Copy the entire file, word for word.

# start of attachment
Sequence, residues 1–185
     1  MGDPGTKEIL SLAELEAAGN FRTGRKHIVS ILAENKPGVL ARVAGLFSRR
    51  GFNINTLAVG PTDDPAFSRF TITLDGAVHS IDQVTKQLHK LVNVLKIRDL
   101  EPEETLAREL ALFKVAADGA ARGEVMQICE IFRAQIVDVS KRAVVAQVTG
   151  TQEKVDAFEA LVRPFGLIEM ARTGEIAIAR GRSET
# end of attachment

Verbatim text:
Sequence, residues 1–185
     1  MGDPGTKEIL SLAELEAAGN FRTGRKHIVS ILAENKPGVL ARVAGLFSRR
    51  GFNINTLAVG PTDDPAFSRF TITLDGAVHS IDQVTKQLHK LVNVLKIRDL
   101  EPEETLAREL ALFKVAADGA ARGEVMQICE IFRAQIVDVS KRAVVAQVTG
   151  TQEKVDAFEA LVRPFGLIEM ARTGEIAIAR GRSET